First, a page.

• Florida man pleads guilty to mailing bombs to Trump foes

    World News CTV News
    NEW YORK -- A Florida man pleaded guilty Thursday to sending pipe bombs to CNN and prominent critics of President Donald Trump in a wave of attacks that harmed no one but spread fear of political violence across the U.S. Source
  • Study: About 4 per cent of women are pregnant when jailed

    World News CTV News
    WASHINGTON -- About 4 per cent of women incarcerated in state prisons across the U.S. were pregnant when they were jailed, according to a new study released Thursday that researchers hope will help lawmakers and prisons better consider the health of women behind bars. Source
  • Video shows teen's beating during West Virginia traffic stop

    World News CTV News
    CHARLESTON, W.Va. -- A police dashcam video released Thursday shows a West Virginia police officer kicking and punching a handcuffed teenage boy on the ground and kneeling on his shoulder during a November traffic stop. Source
  • Cheetahs will not prosper in B.C.: panel rejects permit request for two big cats

    Canada News CTV News
    NELSON, B.C. -- The owners of two cheetahs will not be allowed to return the large, African cats to southeastern British Columbia to use them as ambassador animals promoting conservation of the endangered species. Following a multi-day hearing last fall, the Environmental Appeal Board, which considers issues raised under B.C. Source
  • Kenney promises referendum on equalization in 2021 if no pipeline progress

    Canada News CTV News
    CALGARY -- The leader of Alberta's United Conservatives is promising a referendum on equalization if there's no major progress on market-opening pipelines. Jason Kenney says if he becomes premier the matter would be put to voters on Oct. Source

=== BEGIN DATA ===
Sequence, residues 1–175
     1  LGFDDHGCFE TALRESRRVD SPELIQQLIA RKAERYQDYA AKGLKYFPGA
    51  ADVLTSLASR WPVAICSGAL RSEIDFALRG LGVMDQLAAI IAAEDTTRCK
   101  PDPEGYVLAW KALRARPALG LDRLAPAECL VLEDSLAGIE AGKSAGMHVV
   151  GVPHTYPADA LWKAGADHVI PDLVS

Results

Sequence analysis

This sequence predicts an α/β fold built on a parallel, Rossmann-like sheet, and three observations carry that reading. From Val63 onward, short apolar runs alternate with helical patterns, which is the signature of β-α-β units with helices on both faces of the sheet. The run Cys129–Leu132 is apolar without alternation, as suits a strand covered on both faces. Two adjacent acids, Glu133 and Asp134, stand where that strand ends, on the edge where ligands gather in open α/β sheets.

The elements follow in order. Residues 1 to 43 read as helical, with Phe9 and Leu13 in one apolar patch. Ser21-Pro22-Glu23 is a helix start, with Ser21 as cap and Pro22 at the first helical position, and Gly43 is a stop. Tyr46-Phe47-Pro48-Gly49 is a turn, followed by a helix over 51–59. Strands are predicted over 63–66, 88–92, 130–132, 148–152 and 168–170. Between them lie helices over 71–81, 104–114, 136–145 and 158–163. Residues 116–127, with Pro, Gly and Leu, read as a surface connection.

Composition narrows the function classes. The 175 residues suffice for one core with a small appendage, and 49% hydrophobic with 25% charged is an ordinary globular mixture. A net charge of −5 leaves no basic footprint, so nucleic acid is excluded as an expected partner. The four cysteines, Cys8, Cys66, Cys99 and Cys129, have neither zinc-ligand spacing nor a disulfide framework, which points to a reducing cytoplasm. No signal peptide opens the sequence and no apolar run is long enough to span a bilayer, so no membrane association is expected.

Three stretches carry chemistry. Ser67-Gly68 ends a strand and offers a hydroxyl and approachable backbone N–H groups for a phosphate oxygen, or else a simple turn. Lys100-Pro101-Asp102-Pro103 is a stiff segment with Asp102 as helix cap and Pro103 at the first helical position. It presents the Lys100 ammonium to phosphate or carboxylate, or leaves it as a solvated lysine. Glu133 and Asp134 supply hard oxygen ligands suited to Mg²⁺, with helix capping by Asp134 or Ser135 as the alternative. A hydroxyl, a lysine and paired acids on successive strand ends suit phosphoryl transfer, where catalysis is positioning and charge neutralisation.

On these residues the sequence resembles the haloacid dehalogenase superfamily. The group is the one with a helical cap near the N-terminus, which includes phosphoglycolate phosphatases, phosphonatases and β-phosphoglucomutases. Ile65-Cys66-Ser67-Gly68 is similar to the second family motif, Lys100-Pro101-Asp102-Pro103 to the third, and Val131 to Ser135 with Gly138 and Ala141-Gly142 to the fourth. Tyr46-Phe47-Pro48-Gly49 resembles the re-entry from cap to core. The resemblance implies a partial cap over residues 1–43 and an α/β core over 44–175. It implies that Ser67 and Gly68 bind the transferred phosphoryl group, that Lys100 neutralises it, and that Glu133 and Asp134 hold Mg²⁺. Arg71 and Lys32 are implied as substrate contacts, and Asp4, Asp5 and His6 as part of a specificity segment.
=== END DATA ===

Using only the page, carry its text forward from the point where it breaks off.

• 450 cocaine bricks worth $38M found at Philadelphia port

    World News CTV News
    PHILADELPHIA -- U.S. customs officials say drug dogs sniffed out Philadelphia's largest seizure of cocaine in more than two decades. Local, state and federal law enforcement officials said Thursday that 450 bricks of cocaine were found inside 13 duffel bags in a shipping container. Source
  • In major policy shift, U.S. abruptly endorses Israel's Golan sovereignty

    World News CTV News
    JERUSALEM -- U.S. President Donald Trump abruptly declared Thursday the U.S. will recognize Israel's sovereignty over the disputed Golan Heights, a major shift in American policy that gives Israeli Prime Minister Benjamin Netanyahu a political boost a month before what is expected to be a close election. Source
  • Investigation into Parkland shooting expands to include principal

    World News CTV News
    FORT LAUDERDALE, Fla. - An investigation of a Florida school shooting that left 17 dead last year is expanding to include the school's principal. Broward County Public Schools announced Thursday that Marjory Stoneman Douglas High School Principal Ty Thompson will remain at the school, though his responsibilities are being reassigned. Source
  • Alberta Liberals would add seats for Indigenous MLAs, make juries representative

    Canada News CTV News
    CALGARY -- Alberta Liberal Leader David Khan says he would improve child welfare, education and justice for Indigenous people if his party were to win the April 16 election. Khan says a Liberal government would create regional Indigenous child protection offices, run by Indigenous groups, to help keep children in their home communities. Source
  • Cummings: Ivanka Trump not saving all official email

    World News CTV News
    WASHINGTON -- Ivanka Trump, the president's daughter and a powerful White House aide, is not preserving all of her official email communications as required by federal law, the chairman of the House Oversight and Reform Committee said on Thursday. Source